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Medicinal Cannabis and Cancer: what is new??

Posted by Manuela Boyle on 28 June 2021
Medicinal Cannabis and Cancer: what is new??
Cannabinoids are defined as chemical compounds that interact with the cannabinoid receptors, which in humans include CB1, predominantly expressed on neurons in the brain and central nervous system, and CB2 expressed in non-neuronal tissues such as immune cells. Cancer cells can express these receptors as well, and studies are mixed as to whether it can indicate a better or worse prognosis compared to cells that do not have the receptors. But the effects of cannabinoids on cancer are not limited to interaction with these receptors as several studies have documented effects that are not prevented by blocking these receptors. THC is the cannabinoid classically associated with the psychoactive and appetite-stimulating effects, although it is not exclusively so. Cannabidiol is another cannabinoid that also has been studied for anti-cancer effects and is often referred to as CBD.

The FDA has approved several drugs that we will call cannabinoid-based (i.e. they are not naturally derived but synthetic): dronabinol (Marinol and Syndros, delta-9-THC), and nabilone (Cesamet, THC-similar). As of June 25, 2018, the FDA approved Epidiolex (cannabidiol naturally derived from cannabis) for two rare and severe forms of epilepsy, marking the first time a non-synthetic cannabinoid has been approved in the United States. However, the first regulatory approval for a naturally-derived cannabis product in North America was given by Health Canada for nabiximols (Sativex) for symptomatic relief of neuropathic pain (2005) and muscle spasticity (2010) from multiple sclerosis. Nabiximols is a formulated extract of C. sativa with a THC:CBD ratio of 1:1 as well as other cannabinoid and non-cannabinoid components.

Terpenoids and flavonoids are responsible for the color and aroma of plants and also serve biological functions.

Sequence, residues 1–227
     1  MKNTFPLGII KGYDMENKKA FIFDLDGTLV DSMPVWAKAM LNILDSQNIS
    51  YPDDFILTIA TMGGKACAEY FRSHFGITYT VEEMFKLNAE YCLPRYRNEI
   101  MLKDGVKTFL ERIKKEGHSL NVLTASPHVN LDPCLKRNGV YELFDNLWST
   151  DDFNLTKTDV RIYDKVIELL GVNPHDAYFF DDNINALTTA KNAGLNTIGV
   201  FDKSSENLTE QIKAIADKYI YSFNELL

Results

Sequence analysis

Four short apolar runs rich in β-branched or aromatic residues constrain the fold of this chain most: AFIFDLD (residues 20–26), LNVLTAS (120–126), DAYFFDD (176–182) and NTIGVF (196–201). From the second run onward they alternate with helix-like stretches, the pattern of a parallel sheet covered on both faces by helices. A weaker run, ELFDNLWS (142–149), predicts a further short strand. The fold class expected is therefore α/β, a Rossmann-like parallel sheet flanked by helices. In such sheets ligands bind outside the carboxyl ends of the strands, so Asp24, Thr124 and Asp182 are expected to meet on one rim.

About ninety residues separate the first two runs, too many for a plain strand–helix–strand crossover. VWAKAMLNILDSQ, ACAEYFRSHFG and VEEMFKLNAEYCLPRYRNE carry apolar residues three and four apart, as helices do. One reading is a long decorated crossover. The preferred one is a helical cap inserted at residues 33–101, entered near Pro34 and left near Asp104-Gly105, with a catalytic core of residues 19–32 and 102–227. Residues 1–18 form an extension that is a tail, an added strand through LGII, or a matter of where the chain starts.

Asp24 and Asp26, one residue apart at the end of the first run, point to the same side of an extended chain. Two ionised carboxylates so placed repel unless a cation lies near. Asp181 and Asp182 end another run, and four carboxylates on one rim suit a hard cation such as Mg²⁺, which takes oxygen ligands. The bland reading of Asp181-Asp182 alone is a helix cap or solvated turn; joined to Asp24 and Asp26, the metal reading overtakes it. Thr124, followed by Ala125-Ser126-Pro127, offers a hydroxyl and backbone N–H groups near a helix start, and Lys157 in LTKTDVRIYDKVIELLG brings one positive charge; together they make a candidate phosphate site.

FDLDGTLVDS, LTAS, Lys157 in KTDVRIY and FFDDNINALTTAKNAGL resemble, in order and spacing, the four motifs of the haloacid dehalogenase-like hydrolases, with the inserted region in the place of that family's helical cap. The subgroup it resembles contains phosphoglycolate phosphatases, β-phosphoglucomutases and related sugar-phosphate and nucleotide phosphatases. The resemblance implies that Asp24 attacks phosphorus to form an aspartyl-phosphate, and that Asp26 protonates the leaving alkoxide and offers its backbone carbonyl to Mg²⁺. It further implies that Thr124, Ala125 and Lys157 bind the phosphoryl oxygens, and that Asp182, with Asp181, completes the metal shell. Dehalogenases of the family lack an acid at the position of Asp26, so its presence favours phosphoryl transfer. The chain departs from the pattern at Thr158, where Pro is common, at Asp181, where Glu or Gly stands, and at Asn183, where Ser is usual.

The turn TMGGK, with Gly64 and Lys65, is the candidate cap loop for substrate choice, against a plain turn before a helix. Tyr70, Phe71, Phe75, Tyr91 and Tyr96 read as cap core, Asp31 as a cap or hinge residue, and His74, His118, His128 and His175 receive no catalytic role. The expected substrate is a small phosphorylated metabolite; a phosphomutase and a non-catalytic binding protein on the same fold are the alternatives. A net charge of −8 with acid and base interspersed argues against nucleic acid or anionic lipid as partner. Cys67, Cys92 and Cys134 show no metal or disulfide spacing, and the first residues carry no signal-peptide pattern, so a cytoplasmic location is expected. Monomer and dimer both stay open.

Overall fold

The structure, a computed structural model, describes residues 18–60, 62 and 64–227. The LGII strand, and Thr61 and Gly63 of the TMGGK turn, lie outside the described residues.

An hypothesis that has received a lot of attention is that cannabis has benefits on cancer that is maximized by an 'entourage effect', meaning that all the individual components of the plant work together to create an effect that's greater than the effect of any one component. Blasco-Benito et al published in 2018 a study that compared the antitumor effects of THC alone compared to a whole plant extract and found that the extract was more potent than THC in cell culture and animal models of ER+, HER+ and triple negative breast cancer. Likewise, the extract was synergistic with tamoxifen, lapatinib and cisplatin chemotherapy in those respective cancer types. The authors also identified that the enhanced potency of the extract did not appear to be due to the 5 most abundant terpenes in the extract, consistent with the theory that the potency was due to the cannabinoid content. 

In another Taha et al conducted a retrospective observational study and reviewed the charts of 140 patients with advanced melanoma, non-small cell lung cancer and renal cell carcinoma who received nivolumab. 89 patients received nivolumab and 51 patients received cannabis with nivolumab. The authors found that the only significant factor that lowered the response rate to immunotherapy was cannabis (37.5% for nivolumab, 15.9% who received both (odds ratio 3.13; 95% CI 1.24-8.13, p=0.02). However, progression-free survival and overall survival was not effected by cannabis. Since this is a retrospective study and subject to numerous confounding factors, it is mainly a precautionary study that warrants additional research before making any definitive conclusions.



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Author:Manuela Boyle
Tags:NewsEvidence Based ResearchCancer


  • The Institute for Functional Medicine
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